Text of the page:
If you ask someone who is not a member of the Church what comes to mind when they hear the word “ward” they will probably do a word association and respond with “psych ward.” Modern vernacular assigns the word ‘ward’ to a subdivision within a hospital. Why then does The Church of Jesus Christ of Latter-day Saints call its congregations wards?
Let’s go back to the very beginning. A very good place to start.
Are Geographically Based Churches Outdated?
You might recall that the early church spent some time in Nauvoo, Illinois. It was at this point that “ward” became a religious term. In Illinois, “wards” were political subdivisions used to divide up the electorate. The boundaries of these divisions were used to break the early church up into more manageable sized groups of worshipers. Bishops were given responsibility and assignments over ward boundaries. When the Church moved to Utah this system was maintained.
Catholics also worship according to geographic congregations. Polling reveals that the majority of Catholics believe that people should be able to attend whatever congregations they choose. Those same polls show that a vast majority think that geographic regions are outdated. Do we feel similarly? Why do we still utilize the ward system?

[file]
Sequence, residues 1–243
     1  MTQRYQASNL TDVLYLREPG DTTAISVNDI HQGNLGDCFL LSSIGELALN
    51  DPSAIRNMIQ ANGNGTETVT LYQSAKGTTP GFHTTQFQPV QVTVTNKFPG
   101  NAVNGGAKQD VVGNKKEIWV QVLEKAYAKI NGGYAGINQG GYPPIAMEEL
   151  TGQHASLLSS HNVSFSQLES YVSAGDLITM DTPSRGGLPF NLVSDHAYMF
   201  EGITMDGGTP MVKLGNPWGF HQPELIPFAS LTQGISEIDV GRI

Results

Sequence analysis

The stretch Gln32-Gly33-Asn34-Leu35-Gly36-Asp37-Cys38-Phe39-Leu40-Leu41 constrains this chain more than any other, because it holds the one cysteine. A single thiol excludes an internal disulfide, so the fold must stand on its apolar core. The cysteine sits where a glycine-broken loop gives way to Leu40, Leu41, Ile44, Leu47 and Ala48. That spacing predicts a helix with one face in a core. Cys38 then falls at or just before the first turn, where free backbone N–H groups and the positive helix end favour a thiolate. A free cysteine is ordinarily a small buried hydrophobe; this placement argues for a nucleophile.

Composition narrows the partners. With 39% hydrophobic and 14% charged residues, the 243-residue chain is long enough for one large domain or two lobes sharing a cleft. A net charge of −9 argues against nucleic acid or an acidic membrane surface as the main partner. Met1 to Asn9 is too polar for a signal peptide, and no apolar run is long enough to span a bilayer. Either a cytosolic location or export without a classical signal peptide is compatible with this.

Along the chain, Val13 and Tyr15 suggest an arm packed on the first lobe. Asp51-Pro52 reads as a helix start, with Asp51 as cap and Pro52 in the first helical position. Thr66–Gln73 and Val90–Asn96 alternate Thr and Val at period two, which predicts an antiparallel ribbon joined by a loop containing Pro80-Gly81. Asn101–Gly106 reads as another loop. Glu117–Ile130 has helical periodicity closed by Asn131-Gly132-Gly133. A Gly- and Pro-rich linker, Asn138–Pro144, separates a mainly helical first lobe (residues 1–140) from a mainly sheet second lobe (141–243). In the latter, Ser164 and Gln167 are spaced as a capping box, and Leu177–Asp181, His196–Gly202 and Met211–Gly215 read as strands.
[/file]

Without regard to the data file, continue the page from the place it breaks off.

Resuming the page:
There are real benefits to organizing Church members geographically. Having all of the members of a given ward within relatively close proximity to each other offers the soundest method for providing temporal support, ministering, and fostering relationships.
In the early history of the Church, the Lord commanded the Saints — “organize yourselves” and prepare a “house of order” (D&C 88:119). Organization is a fundamental concept in the kingdom of God, and having local wards and stakes assists in giving us the order which the Lord desires.
It’s hard to argue against the logistical benefits of organizing geographically as it pertains to helping others in the event of a natural disaster or other temporal complexities which may arise. The Church has been lauded across the world as being one of the first responders, one of “the best organized and most efficient” following an emergency.
Much of this can be attributed to the organizational structure within The Church, starting at the local level, where Church leaders overseeing stakes and wards are able to swiftly and seamlessly enact a plan which will be most effective for helping those in distress.
Catholic Father Michael Enright defended gathering in geographical groups as well in saying:
The people of God build up a dense web of relationships over time that sustains them and helps them pay attention to what is really important—that is, their connection to each other and to the Lord.
Indeed, worshipping amongst our neighbors allows us to develop a “dense web of relationships” which will profit us both in this life, and the life to come. Recently, we have seen the leaders of the Church place an even greater emphasis on creating unity among Church members. The starting place to engender this unity and Christlike love begins with those individuals who live in our neighborhoods, attend the same schools, and those with whom you already interact.
A couple of scriptures help illustrate the positive effects which gathering together and unifying as one body can have within the Church.